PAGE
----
So, on to the main question. Why should you bring your band to record at Darkhorse? (or anywhere else for that matter) Well, apart from the things I've already covered above, here's a list of the main reasons why it's great to get someone who really knows what they're doing involved in your record.
1. It's a lot more fun!
When all you have to do to make your record is actually play it, life becomes much less complicated. A day in the studio for a musician really should just entail thinking about the music (with the exception of the sex, drugs and rock & roll bit of course) A good studio will make it easy and fun for the performer to get the most out of themselves and their instruments and sound great. By contrast, if you're recording at home and trying to wear the various hats of recording engineer, producer, singer, guitarist (and of course sex god or goddess) well, then something will eventually give and it will probably be the performance and therefore your record.
2. You can be more creative A lot of people worry that going to a studio to work with a third party will make them lose some of their originality, after all how can someone you've just met understand your vision? But an experienced studio engineer knows that they don't really need to understand your creative process, most good engineers will have worked on enough projects to know how to help you get the most out of yours. When I'm engineering for a band who are new to me and I've never worked with before, I know that all I have to do is facilitate whatever it is they're trying to do. And most of the time that ends up with them creating something that's bigger and better than they thought would be possible. For example I can use mic placement techniques, effects, creative editing, recording techniques and many other things to help them get a sound out of their head. And the best part about that is that it was their idea, I just helped them realise it in a way that they hadn't thought of before.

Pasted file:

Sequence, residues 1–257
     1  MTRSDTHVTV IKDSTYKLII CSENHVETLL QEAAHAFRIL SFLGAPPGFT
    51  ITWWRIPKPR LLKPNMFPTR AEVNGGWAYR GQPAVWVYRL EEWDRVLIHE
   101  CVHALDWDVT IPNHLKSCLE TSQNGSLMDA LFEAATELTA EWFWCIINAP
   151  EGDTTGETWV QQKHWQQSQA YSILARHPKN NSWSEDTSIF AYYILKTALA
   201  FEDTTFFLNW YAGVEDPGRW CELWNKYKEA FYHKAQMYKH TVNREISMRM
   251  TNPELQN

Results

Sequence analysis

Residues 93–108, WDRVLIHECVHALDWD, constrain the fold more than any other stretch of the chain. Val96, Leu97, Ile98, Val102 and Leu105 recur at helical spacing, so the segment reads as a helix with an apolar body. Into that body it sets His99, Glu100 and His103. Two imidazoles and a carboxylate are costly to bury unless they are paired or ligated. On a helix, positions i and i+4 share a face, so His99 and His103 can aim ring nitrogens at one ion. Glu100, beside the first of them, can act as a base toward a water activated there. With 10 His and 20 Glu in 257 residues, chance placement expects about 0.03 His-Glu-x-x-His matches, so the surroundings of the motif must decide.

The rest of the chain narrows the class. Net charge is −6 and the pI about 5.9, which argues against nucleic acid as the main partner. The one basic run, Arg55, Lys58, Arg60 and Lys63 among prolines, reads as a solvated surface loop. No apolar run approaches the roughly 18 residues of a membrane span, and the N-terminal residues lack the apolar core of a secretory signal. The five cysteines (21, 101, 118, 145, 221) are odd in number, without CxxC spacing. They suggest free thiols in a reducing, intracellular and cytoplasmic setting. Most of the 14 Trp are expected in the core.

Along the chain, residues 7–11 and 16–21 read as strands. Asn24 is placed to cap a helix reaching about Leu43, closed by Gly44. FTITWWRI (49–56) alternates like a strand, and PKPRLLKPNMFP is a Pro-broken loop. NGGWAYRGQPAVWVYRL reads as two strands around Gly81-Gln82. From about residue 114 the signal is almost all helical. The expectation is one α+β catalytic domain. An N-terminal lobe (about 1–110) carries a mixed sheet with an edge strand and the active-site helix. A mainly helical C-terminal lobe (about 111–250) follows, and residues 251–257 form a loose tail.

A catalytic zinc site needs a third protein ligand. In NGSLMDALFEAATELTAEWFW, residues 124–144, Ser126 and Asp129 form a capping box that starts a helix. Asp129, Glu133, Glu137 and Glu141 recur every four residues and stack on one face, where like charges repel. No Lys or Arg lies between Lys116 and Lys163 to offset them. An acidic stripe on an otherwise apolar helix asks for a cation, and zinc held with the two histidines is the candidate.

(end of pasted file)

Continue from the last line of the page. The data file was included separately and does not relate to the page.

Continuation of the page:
3. Make a record that actually sounds how you want it to This sounds sort of simple until you try to do it for the first time. It's relatively easy to make something that sounds different and new but is it the sound you were hoping for when you started, is it really you? If you're trying to capture how you sound live or create your signature sound, working with someone who has experience of this will make all the difference to your tracks. The use of a good studio space will also mean that you can record live drums and have them sound great.
Quite often a band will have a track they love and want to get a similar drum or guitar or voice sound etc.. on their record. I've found it can often be a really simple task of choosing the right guitar or amp or microphone or effect, or it can sometimes be much more complicated. But working with an experienced engineer will immediately put that sound (or an even better one) within their grasp and save hours or even days of searching. This and a great mix and master done by someone with the necessary experience will help you to make the record you wanted all along.